South Dakota Gov. Noem says National Guard troops will soon return from Texas-Mexico border

Border Crime

South Dakota Gov. Kristi Noem visited the U.S. border with Mexico on Monday, July 26, 2021, near McAllen, Texas. The Republican governor deployed roughly 50 National Guard troops to help with Texas’ push to arrest people crossing illegally and charge them with state crimes. (AP Photo/Stephen Groves)

SIOUX FALLS, S.D. (AP) — South Dakota Gov. Kristi Noem announced Friday that National Guard troops that she deployed to the U.S. border with Mexico will return later this month.

The Republican governor deployed 48 National Guard troops to Texas in July. The deployment came in response to a request from Texas and Arizona to send law enforcement officers under an agreement between states to assist during emergencies. Noem said the soldiers encountered more than 6,000 people crossing the border in the month and a half they were stationed there.

“Unfortunately, because of the Biden Administration’s failed border policies, the system has become one of facilitating the crossing of illegal immigrants into our country,” she said in a statement.

Overall, U.S. authorities stopped migrants about 210,000 times at the border in July, up from 188,829 in June and the highest in more than 20 years. But the numbers aren’t directly comparable because many crossed repeatedly under a pandemic-related ban that expelled people from the country immediately without giving them a chance to seek asylum but carried no legal consequences.ADVERTISEMENT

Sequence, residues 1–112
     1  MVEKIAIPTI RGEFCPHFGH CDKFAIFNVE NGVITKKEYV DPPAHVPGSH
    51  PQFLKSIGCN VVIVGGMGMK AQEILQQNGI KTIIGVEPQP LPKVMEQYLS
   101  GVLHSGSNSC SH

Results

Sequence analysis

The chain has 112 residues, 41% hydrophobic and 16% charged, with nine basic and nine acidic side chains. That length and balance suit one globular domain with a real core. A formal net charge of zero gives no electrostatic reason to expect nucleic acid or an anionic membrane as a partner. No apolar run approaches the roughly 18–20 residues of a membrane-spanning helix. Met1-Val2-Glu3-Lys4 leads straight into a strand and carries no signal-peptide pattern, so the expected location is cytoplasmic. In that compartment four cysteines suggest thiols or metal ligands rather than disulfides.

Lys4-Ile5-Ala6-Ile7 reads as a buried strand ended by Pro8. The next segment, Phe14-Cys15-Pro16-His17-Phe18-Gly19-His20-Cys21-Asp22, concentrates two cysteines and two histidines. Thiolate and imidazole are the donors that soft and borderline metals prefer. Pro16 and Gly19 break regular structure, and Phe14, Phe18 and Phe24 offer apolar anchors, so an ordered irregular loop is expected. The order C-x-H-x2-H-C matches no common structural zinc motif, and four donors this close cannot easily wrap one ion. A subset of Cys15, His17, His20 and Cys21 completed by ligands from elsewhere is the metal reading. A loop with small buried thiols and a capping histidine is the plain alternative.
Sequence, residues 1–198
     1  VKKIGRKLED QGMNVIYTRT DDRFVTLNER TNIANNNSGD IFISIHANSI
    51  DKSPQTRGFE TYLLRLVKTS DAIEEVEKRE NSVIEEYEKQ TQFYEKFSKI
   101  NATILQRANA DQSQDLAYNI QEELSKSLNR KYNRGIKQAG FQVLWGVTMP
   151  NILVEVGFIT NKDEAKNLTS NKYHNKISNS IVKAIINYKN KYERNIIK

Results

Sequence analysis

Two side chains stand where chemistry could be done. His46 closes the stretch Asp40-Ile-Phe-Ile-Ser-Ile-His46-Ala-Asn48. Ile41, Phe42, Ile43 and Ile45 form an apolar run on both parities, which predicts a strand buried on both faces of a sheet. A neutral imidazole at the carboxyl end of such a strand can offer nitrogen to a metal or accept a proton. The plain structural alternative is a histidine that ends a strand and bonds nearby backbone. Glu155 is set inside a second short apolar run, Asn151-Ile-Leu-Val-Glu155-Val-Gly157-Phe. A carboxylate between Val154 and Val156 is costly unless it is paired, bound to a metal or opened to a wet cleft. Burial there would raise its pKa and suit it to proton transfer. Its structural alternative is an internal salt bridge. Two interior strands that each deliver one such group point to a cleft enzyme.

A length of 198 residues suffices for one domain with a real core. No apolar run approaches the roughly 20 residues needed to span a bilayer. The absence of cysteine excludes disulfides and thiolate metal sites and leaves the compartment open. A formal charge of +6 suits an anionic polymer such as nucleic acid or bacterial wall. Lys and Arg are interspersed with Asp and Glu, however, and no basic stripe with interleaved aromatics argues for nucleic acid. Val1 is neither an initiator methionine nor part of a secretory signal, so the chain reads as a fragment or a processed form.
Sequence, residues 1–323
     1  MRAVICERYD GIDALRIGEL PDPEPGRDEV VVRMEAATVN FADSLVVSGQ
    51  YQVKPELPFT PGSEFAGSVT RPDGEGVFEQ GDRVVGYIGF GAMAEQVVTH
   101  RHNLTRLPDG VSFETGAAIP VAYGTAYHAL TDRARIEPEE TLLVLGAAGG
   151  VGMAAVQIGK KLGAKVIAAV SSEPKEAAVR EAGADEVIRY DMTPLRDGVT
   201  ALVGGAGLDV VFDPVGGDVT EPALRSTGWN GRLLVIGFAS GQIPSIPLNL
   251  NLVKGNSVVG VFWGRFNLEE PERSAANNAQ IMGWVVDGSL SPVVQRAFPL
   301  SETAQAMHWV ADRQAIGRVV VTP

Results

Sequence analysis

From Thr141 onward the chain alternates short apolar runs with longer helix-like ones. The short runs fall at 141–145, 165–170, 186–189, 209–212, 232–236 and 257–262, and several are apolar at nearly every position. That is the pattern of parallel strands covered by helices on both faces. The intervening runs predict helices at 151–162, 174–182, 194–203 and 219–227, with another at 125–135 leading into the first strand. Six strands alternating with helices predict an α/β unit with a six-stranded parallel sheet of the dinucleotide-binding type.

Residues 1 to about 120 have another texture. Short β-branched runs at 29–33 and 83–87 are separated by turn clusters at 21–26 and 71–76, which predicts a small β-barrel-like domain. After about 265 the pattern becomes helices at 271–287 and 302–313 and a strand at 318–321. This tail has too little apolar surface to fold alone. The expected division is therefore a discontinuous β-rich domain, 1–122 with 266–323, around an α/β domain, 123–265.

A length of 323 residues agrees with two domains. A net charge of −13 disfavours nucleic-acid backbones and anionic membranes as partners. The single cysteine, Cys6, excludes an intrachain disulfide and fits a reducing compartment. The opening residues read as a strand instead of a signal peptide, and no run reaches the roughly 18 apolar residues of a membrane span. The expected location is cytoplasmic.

A federal judge ruled Thursday that the U.S. government’s practice of denying migrants a chance to apply for asylum on the Mexican border until space opens up to process claims is unconstitutional.

After a visit to the border in July, Noem had said she would consider keeping the troops in Texas beyond a two-month deployment but wanted Texas to cover some of that cost. Noem said Friday that Texas no longer needed South Dakota’s help and that it would increase “its financial commitment and manpower from within the state.”

Noem was heavily criticized for accepting a $1 million donation from a private foundation to fund the National Guard’s deployment. Experts said it set a troubling precedent in which a wealthy patron can effectively commandeer U.S. military might to address private political motivations.

But with the support of the top general of the South Dakota National Guard, Noem did not back down.

However, the House Armed Services Committee this week moved to block states from accepting private funds to pay for cross-state National Guard deployments. The proposed condition was added to the annual National Defense Authorization Act.

South Dakota will send 125 National Guard troops to the southern border next month as part of a federal deployment.

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